My home is with a person, not in a specific place or location. Sorry to get all romantic on you, but that's my thought process in a nutshell. :redface:
     
  8. Sassy88

    Sassy88 New Member

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    I bought the house I was born in, it was originally my Granny's house and when my Uncle died and it had to be sold.... I bought it, so it immediatley felt like home to me. I had spent so much of my childhood there.... it was a lovely happy place full of great memories.

    I consider myself very lucky. I love my home and I never want to live anywhere else. I think that's when you know you really are home. IMHO
     
  9. B_Think_Kink

    B_Think_Kink New Member

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    Just add animals.
     
  10. wldhoney

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    I have a 1903 Craftsman bungalow that is a historical home and one of the three original houses in my area.

    There is not a place in this house that has not been scrubbed, sanded, and painted by me. New windows, doors moved, walls changed, kitchen redone, brand new yard.

    It's been exhausting work, but I love this house. It has so many memories and everywhere I look I see me.

    Which is why it is so depressing that I have put it up for sale.... :(
     
  11. camper joe

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    I have but one home. My parents brought me to my home the day they brought me from the hospital. Birthdays, Christmas, Saturday nights cookouts, lazy Sundays when we had homemade ice cream, all occurred there. But all of these did not make it HOME it was the people who lived there that did. All is gone, Dad has passed, Mom has a condo, both my brother and sister have their own families and homes. I live in an apartment
     
  12. mattyacht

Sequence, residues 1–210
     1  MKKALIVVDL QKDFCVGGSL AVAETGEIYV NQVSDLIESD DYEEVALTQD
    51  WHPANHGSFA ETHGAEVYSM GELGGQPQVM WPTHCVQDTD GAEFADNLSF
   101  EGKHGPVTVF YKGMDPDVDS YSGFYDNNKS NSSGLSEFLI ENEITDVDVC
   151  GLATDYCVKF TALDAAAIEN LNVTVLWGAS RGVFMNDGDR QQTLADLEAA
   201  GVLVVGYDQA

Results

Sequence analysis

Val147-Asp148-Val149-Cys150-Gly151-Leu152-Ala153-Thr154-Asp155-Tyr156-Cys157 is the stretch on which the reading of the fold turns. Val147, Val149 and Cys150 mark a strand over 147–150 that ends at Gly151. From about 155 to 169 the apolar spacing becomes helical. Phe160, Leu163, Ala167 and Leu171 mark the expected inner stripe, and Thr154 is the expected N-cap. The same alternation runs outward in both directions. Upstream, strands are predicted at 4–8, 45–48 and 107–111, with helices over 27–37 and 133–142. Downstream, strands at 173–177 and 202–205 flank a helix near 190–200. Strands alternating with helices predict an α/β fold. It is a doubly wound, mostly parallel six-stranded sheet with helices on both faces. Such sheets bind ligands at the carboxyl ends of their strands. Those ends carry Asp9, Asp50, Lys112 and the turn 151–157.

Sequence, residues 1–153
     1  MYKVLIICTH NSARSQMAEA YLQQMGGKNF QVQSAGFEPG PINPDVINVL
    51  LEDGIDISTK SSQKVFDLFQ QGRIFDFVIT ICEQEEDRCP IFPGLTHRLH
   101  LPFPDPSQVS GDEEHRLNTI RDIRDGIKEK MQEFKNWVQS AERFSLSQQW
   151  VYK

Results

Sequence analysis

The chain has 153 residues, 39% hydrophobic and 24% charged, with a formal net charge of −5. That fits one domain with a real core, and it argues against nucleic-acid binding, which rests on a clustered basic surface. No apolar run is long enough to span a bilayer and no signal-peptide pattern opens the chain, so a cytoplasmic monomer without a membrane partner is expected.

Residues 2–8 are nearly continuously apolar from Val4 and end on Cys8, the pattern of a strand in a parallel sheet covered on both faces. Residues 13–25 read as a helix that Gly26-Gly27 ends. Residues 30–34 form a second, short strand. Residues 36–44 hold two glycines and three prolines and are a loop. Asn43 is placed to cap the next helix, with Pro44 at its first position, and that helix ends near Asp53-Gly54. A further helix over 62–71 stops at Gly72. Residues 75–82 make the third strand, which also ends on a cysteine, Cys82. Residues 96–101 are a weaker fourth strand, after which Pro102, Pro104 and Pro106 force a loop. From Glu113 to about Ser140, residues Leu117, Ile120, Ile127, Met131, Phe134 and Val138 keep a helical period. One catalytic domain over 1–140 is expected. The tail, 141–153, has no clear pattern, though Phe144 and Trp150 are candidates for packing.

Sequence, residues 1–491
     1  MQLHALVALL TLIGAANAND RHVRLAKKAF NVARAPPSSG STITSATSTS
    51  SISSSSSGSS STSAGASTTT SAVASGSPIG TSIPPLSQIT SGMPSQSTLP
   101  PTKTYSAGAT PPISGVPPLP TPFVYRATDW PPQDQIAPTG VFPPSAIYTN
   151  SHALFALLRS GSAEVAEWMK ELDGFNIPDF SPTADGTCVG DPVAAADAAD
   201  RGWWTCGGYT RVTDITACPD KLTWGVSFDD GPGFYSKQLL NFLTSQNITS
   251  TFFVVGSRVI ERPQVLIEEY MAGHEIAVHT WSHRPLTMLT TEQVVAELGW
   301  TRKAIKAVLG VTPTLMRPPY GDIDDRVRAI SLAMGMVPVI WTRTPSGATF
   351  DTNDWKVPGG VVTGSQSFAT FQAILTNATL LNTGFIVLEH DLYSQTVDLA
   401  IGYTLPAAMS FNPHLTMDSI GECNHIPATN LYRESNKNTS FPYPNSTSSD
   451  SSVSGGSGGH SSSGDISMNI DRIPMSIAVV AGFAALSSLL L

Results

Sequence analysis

mattyacht New Member

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  13. mattyacht

    mattyacht New Member

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    You'll have to hard type hgtv.com. The link doesn't work.
     
  14. SpoiledPrincess

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    It's memories and the people that you associate your house with that make it into a home, the work you put into it lovingly to make it your own, the laughter and tears you fill it with, and the mark on the kitchen wall where you threw stew when you were having a hissy fit :)
     
  15. SpeedoGuy

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    Ah, those Sierra breezes are makin' me jealous, Love-it.

    As for me, I live in the 'burbs now but I also designed my home. It doesn't have 29 acres but my back yard borders a large permanently wooded lot that's thick with trees and greenery. Its about as close to actually being in the woods as possible. I have a central sound system, a usable attic, a greenhouse, a garden, a hot tub, a deck and a covered patio.

    I consider it a home because I did all the extra work on landscaping and such. Sweat equity, they call it.
     
  16. sdbg

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    My mom and her sisters were close. Every weekend, one of my aunt's and her family would come over for dinner. It was always a festive occasion and the mothers cooked knock out meals every time. Afterward, the adults would play cards and have some drinks in the kitchen; the kids would hang in the living room and play a game or watch TV. This was the norm from my early childhood.

    In my early 20s, I moved to Arizona. I learned how to cook, made friends quickly, and continued the tradition of dinner parties. My place had that same aura of a fun, relaxing, homey place as my childhood residence. It's been that way all my life. I love to cook and entertain. Maybe I'll do a bed and breakfast when I retire.
     
  17. biguy2738

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    I couldn't have put it any better than this...thanks SP. :smile:
     
  18. agnslz

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    I can make any place I live in feel like home. My apartment now isn't grand but it does feel like home to me. The surroundings and look of the place doesn't matter so much to me as the feeling of having my own place where I can relax and be comfortable and do what I wanna do when I wanna do it. Whenever I've moved it usually only takes me a couple of days to get acquainted and at ease with my new space. I've always been a homebody and there's never a place that I'd rather be more than at home.
     
  19. earllogjam

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  20. 36DD

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    My house used to feel like home, but now that I'm divorcing, my older kids have moved out and my youngest has died it's just not home anymore. My home was filled with laughter, kids, pets, friends. It was beautifully decorated and had a beautiful yard because gardening was my passion...now, it's still nice but has no life in it. I'm going to sell and start a new chapter in my life which includes moving out of state...the memories are too painful. Someday I hope to find another place that will eventually feel like home. Wherever I move, California and the ocean will always be my home.